In the annals of history, there are often unsung heroes who play pivotal roles in defining moments, yet their names remain shrouded in obscurity. “Rustin,” directed by George C. Wolfe, is a cinematic masterpiece that sheds light on one such unsung hero, Bayard Rustin, whose charismatic portrayal by Colman Domingo not only defines his own career but resurrects Rustin’s legacy as well.
The film’s premise revolves around a transformative moment in American history—the March on Washington in 1963. While Martin Luther King Jr. is a household name and an icon of the civil rights movement, few are aware of the man standing beside him, Bayard Rustin, who orchestrated the historic event that allowed King to utter his immortal words: “I have a dream.” August 28, 1963, on the steps of the Lincoln Memorial, Rustin stood as King’s right-hand man, the visionary behind “the greatest demonstration for freedom in the history of our nation.”
Bayard Rustin, though recognized for his contributions, has remained a lesser-known figure, partially due to his homosexuality, which threatened to erase him from the pages of history. “Rustin” directed by George C. Wolfe passionately and convincingly reiterates that the pursuit of equality transcends the advancement of any single group. Rustin’s own words resonate throughout the film: “When we tell ourselves such lies, we do the work of our oppressors.”
The screenplay, crafted by Julian Breece (“When They See Us”) and Dustin Lance Black (“Milk”), unearths a multifaceted hero, presenting Rustin as a human being with private struggles and flaws that shape his identity and accomplishments. It opens in 1960, depicting Rustin and Martin Luther King (played by Aml Ameen) as close friends. Inspired by Mahatma Gandhi‘s teachings, Rustin champions peaceful protest and persuades King to lead a march of 5,000 people. The movie acknowledges its limitations in recreating such a massive march but effectively conveys the challenges and opposition faced by Rustin, even within the civil rights movement.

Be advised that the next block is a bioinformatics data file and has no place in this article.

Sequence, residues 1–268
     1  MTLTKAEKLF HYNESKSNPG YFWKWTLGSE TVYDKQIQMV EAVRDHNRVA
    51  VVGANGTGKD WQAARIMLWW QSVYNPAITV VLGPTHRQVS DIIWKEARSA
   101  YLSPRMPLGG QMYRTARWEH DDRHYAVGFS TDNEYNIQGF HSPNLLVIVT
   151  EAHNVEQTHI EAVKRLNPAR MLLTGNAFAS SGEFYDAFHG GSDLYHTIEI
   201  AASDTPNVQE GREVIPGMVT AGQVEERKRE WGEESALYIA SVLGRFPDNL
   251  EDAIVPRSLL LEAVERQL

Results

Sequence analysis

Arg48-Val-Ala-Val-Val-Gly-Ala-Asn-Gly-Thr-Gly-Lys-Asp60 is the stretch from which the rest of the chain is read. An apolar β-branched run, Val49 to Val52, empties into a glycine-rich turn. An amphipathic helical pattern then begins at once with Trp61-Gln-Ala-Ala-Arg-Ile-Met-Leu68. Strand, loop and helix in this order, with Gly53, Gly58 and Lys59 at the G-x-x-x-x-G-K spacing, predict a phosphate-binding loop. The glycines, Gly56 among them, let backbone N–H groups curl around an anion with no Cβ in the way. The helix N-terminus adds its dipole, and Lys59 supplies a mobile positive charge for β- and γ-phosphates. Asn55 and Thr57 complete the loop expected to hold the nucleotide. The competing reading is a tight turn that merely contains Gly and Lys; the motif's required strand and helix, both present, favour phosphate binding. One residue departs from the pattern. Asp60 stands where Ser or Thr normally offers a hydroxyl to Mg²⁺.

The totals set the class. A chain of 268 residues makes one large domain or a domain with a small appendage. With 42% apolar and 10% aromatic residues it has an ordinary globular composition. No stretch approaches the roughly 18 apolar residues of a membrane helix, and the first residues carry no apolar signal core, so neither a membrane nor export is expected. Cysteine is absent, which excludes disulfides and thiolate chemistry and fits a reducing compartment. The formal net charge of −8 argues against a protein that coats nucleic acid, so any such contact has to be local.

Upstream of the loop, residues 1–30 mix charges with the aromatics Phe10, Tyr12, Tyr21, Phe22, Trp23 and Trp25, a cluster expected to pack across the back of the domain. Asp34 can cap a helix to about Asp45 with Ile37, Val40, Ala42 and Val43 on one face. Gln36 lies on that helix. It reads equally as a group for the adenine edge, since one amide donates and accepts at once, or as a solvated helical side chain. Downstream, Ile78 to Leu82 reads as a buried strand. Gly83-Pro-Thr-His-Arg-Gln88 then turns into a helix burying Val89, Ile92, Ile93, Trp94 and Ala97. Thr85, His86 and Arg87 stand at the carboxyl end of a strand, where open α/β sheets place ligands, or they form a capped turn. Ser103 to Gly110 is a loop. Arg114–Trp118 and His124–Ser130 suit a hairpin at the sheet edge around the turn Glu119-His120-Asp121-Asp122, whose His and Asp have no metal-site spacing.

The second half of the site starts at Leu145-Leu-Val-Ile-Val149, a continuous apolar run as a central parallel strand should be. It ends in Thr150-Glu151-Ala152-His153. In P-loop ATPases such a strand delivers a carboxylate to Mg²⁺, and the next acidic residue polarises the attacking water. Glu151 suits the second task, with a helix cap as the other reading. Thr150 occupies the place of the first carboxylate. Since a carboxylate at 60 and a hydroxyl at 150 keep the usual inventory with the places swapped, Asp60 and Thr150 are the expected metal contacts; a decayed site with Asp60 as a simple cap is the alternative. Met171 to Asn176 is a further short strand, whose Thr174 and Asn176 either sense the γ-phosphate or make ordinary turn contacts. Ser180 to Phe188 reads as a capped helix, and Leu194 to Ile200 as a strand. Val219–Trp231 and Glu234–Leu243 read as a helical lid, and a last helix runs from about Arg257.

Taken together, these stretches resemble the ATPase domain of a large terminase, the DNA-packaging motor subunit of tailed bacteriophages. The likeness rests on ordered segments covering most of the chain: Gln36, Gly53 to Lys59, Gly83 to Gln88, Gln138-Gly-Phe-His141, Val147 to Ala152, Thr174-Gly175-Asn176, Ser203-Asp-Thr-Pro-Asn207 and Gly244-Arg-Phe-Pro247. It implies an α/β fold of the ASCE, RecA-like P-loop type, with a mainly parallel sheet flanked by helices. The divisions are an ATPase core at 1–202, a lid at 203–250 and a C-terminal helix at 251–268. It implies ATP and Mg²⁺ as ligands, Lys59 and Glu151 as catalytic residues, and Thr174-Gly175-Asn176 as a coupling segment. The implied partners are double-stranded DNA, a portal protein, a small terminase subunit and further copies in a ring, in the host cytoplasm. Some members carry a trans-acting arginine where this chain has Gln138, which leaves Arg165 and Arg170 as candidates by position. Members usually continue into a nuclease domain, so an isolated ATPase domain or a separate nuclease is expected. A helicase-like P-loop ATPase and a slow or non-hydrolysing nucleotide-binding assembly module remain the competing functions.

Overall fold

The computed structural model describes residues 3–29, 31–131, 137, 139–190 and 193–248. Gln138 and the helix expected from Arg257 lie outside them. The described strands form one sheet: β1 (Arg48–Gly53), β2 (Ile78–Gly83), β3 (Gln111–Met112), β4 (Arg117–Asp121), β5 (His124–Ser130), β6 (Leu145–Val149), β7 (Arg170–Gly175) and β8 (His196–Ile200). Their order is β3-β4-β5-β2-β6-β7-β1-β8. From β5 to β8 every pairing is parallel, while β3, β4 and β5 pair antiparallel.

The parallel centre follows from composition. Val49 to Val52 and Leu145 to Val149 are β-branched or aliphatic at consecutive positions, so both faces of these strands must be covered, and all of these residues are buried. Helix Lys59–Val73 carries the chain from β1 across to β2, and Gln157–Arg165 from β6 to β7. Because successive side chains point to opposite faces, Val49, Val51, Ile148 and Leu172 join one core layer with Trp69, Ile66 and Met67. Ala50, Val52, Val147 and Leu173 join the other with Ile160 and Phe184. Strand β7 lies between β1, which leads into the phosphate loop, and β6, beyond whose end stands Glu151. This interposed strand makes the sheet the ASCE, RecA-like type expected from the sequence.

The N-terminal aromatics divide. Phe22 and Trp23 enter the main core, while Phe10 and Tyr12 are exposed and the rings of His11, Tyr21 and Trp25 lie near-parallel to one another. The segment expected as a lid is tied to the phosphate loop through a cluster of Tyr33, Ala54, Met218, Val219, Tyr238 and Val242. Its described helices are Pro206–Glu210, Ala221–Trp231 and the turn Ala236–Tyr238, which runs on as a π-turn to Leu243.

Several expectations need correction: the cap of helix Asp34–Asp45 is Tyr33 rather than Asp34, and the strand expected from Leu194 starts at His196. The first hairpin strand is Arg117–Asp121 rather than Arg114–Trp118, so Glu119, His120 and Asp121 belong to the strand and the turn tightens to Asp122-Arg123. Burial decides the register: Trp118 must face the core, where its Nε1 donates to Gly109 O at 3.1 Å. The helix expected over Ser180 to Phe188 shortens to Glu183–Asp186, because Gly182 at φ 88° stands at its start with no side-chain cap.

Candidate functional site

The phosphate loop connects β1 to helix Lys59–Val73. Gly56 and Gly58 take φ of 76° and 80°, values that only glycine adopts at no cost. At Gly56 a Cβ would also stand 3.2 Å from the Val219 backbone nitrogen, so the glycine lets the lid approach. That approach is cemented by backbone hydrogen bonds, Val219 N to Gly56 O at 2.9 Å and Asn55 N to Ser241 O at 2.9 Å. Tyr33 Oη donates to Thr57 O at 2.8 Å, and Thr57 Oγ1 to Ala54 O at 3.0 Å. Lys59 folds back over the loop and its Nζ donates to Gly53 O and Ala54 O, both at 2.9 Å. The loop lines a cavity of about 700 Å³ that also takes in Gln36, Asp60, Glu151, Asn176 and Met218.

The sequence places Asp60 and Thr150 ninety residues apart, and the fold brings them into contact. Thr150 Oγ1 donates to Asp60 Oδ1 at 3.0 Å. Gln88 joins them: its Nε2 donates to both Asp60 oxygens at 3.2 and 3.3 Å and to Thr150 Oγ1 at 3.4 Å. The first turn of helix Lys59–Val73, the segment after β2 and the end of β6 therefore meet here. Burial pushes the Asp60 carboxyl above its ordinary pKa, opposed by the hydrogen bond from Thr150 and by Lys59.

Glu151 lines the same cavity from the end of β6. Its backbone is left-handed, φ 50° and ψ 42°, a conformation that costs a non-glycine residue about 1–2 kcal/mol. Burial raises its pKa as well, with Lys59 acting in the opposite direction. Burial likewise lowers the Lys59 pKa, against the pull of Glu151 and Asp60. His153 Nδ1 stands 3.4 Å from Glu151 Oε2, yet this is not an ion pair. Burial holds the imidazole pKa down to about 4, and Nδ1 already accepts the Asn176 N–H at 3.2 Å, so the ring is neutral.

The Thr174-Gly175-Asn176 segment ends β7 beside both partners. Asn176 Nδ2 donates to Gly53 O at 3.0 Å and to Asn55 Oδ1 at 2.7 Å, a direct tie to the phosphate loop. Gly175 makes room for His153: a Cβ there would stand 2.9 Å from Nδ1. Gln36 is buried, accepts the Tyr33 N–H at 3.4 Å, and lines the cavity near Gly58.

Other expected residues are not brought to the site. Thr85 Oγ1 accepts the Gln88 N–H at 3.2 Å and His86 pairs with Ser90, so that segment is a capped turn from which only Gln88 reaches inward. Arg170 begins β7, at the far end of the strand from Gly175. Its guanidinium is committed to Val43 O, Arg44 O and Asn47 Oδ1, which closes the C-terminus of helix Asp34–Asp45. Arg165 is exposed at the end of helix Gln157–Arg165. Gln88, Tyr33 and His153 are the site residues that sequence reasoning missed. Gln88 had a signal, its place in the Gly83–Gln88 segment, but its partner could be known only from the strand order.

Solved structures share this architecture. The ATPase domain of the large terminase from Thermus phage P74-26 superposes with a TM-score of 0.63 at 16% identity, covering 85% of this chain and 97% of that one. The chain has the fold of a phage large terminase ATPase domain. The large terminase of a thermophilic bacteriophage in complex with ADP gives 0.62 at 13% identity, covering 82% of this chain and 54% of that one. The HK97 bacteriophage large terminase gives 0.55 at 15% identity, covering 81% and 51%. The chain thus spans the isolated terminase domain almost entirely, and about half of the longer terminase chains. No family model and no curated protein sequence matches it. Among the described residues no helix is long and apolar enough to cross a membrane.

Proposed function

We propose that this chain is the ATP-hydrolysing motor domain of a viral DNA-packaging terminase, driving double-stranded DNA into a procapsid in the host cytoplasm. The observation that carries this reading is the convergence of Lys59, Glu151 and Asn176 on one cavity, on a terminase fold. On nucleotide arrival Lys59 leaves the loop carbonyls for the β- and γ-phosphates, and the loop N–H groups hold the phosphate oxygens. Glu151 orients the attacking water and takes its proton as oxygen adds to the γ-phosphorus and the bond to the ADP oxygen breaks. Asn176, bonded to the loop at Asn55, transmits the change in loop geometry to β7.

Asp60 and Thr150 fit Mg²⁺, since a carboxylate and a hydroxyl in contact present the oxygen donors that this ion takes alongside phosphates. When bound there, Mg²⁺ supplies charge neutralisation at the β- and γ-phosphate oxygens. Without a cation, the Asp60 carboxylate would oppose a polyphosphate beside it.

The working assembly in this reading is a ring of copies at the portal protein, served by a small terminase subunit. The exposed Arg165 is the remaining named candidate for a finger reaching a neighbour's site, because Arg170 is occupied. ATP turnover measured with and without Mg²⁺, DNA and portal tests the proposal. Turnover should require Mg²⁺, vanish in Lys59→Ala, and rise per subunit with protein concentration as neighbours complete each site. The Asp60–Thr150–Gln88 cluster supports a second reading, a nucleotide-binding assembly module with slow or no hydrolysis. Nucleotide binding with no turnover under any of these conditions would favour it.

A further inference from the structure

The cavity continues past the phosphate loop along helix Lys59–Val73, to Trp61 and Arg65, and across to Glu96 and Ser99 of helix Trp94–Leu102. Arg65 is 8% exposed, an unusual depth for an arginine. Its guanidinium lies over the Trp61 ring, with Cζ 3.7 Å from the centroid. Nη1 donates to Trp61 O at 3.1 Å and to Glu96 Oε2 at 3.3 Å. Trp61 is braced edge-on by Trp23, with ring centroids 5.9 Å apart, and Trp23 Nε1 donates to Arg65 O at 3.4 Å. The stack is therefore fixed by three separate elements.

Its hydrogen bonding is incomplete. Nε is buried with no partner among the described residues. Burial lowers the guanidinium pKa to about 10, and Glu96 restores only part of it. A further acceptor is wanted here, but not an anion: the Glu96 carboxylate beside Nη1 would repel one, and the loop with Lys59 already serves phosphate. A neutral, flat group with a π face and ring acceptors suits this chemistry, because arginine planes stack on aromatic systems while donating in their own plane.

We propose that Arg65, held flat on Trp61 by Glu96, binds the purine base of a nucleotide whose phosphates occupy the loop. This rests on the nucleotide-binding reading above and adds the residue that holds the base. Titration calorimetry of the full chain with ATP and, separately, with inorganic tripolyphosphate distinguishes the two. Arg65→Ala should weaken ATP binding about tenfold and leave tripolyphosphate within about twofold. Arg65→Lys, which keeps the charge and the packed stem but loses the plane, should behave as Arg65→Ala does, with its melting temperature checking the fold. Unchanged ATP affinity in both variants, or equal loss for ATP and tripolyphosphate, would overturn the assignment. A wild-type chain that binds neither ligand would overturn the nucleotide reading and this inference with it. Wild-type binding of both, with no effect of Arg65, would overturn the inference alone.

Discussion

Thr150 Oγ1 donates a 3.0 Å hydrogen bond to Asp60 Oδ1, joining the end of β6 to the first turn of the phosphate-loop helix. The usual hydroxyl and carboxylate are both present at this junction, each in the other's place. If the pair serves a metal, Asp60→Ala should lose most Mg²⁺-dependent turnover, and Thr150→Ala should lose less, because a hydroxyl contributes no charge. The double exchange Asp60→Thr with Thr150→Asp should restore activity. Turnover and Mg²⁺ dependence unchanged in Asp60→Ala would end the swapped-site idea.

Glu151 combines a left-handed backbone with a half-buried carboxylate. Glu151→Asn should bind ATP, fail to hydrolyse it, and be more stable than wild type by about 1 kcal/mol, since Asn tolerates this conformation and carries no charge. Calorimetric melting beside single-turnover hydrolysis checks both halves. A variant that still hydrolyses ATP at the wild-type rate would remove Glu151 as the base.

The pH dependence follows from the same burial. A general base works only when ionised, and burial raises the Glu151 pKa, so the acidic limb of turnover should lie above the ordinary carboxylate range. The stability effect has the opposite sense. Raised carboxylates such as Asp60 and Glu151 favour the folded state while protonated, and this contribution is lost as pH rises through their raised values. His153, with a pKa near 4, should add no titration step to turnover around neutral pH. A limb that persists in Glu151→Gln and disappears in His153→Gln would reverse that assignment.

The film underscores the reality that supposed allies can sometimes be the toughest adversaries. Internal divisions and opposition threaten to derail the movement, a truth recognized by anyone who has ever participated in advocacy work. “Rustin” astutely portrays the internal struggles that can hinder progress, emphasizing that unity is paramount in the fight for equality.
Colman Domingo’s portrayal of Bayard Rustin is nothing short of captivating. He brings to life a tall, slender figure with thick-framed glasses and a penchant for singing—a reflection of his Quaker upbringing. Yet, his most defining feature is the gap in his upper front left teeth, an injury that serves as a badge of honor symbolizing his refusal to hide his true self or the challenges he has endured.
The film handles Rustin’s sexuality with nuance, acknowledging his relationship with a younger white assistant, Tom (Gus Halper), without simplifying it. The script refrains from portraying Rustin as interested in monogamy at that point in his life, introducing a significant subplot involving a fictional lover named Elias Taylor (Johnny Ramey), a married Black preacher whose association with Rustin threatens both of their careers.
While addressing this dimension of Rustin’s life may challenge conservative perspectives, it aligns with the film’s commitment to authenticity and its refusal to slip into hagiography. The movie delves into the aftermath of Rustin being publicly outed as a Communist and a “pervert” by Sen. Strom Thurmond, delivering a poignant and emotionally charged climax that leaves a lasting impact.
“Rustin” underscores that the struggle for civil rights did not end with the Civil Rights Act of 1964. Bayard Rustin’s legacy endures as a reminder of the ongoing pursuit of equality and justice. The film may falter in its visual representation of the March on Washington’s magnitude, but it succeeds brilliantly in resurrecting the spirit of an unsung hero.
In the end, as history remembers the iconic words spoken by Martin Luther King Jr. on that historic day, “Rustin” expands the narrative to include the man who orchestrated it all. Colman Domingo’s electrifying performance and George C. Wolfe’s visionary direction ensure that Bayard Rustin’s legacy will no longer be relegated to obscurity.